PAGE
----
Scientists believe the left hemisphere plays an important part in language, verbal memory, reading, writing, and arithmetic, while the right hemisphere interprets vision, touch, non-verbal memory, music, and emotions. What is certain is that the right side of the brain controls the left side of the body ad vice versa. This means damage to the right side of the brain might affect movement in the left side of the body.

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The cerebellum

This is a curved lump of tissue at the back of the brain that, amongst other functions, coordinates balance, limb movements and fine motor coordination.

This lower part of the brain (which connects it to the spinal cord) contains the nerve fibres that carry messages to and from the rest of the body via the nervous system.

The cerebellum also controls all functions the body needs to stay alive, such as breathing, heartbeat, blood pressure, digestion and urination, as well as sleep patterns.

Hypothalamus and pituitary gland

This very small area of the brain, located in the centre of the brain, acts as the brain's inner thermostat controlling body temperature as well as appetite, sexual arousal and emotions. It sends chemical signals in the form of hormones to the pituitary gland which sends signals on to different parts of the body.

The limbic system

This comprises several parts, including the hippocampus, and is responsible for the control of emotional behaviour and for storing long-term memories

Concussion

Concussion is often difficult to diagnose and is not always immediately obvious. The Brain Injury Rehabilitation Trust (BIRT) wants to ensure a better prognosis for people such as rugby and football players who sustain these injuries, and to highlight the role that friends and family can play in identifying concussion symptoms. With this in mind the Trust has offered its neurobehavioural expertise to both the Rugby Football Union and the Football Association. Find out more about concussion here, including:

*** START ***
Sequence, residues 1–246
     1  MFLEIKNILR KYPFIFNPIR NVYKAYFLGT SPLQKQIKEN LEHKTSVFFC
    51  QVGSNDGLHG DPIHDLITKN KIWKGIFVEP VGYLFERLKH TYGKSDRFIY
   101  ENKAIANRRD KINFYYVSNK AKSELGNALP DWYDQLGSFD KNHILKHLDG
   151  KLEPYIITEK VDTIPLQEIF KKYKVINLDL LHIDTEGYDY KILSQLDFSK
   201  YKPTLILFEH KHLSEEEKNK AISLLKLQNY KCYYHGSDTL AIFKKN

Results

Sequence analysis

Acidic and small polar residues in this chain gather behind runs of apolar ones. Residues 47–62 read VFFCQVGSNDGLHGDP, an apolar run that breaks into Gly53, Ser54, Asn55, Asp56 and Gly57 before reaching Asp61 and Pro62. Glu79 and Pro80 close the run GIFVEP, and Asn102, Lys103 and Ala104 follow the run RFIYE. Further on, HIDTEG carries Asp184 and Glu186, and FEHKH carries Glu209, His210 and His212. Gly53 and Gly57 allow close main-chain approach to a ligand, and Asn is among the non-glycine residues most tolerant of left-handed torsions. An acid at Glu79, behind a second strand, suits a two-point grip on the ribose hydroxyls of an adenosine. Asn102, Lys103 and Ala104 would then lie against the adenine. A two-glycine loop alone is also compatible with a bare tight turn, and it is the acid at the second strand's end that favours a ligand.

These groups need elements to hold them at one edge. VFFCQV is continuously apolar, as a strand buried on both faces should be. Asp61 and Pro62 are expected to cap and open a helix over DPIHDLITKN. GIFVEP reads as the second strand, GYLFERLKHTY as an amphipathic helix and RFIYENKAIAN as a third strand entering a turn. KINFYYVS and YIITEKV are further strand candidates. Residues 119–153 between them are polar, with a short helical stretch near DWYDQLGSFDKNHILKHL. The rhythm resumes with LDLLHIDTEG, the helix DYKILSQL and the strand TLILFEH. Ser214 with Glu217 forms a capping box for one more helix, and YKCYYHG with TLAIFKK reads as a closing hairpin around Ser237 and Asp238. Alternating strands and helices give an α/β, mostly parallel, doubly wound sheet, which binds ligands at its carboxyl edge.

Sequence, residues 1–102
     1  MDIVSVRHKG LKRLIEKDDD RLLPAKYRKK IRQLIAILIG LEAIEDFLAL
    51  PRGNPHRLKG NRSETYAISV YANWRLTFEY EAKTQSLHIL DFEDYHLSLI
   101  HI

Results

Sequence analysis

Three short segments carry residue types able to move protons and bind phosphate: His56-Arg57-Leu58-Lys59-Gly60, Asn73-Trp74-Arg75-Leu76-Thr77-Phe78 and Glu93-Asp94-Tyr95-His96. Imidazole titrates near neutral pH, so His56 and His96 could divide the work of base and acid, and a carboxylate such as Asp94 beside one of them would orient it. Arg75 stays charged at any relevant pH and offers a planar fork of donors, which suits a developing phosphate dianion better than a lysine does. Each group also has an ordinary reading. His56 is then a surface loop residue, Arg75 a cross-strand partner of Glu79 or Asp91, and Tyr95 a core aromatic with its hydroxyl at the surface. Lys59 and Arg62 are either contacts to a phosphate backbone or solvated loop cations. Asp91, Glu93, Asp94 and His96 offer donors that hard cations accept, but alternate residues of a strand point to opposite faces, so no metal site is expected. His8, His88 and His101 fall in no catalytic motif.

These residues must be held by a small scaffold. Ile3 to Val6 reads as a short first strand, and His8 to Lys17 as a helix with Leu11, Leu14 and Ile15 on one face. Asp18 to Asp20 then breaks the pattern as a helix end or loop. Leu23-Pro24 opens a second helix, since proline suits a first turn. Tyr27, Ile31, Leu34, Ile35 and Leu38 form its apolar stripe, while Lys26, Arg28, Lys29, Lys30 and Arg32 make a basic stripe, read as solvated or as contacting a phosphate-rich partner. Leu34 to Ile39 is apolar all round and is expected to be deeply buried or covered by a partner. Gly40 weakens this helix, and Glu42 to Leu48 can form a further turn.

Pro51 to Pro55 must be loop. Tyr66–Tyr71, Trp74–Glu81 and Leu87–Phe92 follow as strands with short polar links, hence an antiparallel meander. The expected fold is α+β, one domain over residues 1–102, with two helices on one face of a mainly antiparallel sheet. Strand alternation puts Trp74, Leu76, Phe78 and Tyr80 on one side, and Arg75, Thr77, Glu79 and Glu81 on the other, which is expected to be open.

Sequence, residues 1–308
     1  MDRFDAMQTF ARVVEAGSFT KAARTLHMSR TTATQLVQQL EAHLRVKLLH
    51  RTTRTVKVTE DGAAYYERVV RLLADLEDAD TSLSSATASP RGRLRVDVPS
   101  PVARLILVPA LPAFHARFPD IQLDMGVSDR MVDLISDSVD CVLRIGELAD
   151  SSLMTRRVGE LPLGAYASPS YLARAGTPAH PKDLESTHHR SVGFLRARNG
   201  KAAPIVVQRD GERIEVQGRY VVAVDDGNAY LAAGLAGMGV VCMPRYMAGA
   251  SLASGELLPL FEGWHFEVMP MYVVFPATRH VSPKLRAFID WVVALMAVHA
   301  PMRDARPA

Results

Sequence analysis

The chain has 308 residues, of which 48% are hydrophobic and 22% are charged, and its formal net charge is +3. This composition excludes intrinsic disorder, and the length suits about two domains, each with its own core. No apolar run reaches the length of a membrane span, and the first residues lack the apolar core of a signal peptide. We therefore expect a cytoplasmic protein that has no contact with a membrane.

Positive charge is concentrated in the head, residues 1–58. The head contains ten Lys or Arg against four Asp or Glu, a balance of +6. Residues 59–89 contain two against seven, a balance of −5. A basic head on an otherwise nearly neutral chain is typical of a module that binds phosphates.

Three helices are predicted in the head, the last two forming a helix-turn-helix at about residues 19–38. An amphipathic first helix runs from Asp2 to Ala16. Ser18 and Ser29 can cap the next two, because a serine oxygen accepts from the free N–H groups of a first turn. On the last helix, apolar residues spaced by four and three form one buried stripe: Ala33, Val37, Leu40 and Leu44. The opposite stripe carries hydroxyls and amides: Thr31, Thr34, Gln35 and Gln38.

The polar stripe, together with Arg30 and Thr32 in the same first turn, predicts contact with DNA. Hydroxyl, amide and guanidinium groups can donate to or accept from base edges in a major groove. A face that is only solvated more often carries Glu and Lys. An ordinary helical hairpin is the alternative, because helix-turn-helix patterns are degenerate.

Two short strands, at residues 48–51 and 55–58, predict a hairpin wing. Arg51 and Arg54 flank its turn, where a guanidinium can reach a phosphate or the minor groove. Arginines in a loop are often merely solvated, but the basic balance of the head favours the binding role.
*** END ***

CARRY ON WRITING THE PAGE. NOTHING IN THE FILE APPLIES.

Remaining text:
• Concussion and sport
  • The assessment and management of concussion and mild brain injury in football and rugby players
  • Concussion and recovery from concussion

The BIRT Guide to Living

The BIRT Guide to Living - for adults with a brain injury is a comprehensive and easy to use publication for people with brain injury, their families, carers and professionals working with them. Claim your free copy now by visiting one of our BIRT services across the UK, attending one of our seminars or conferences, or send us an SAE to receive your copy by post.

You can send an A4 padded self-addressed envelope with postage to the value of £2.50 to:

Guide to Living Requests, c/o Hayley Briddon, The Brain Injury Rehabilitation Trust, 3 Westgate Court, Silkwood Park, Wakefield, WF5 9TJ. Please note that this offer is only available for postage within the United Kingdom.

You can also learn how to Show Your Brain Some Love with our six top tips to help keep your brain healthy.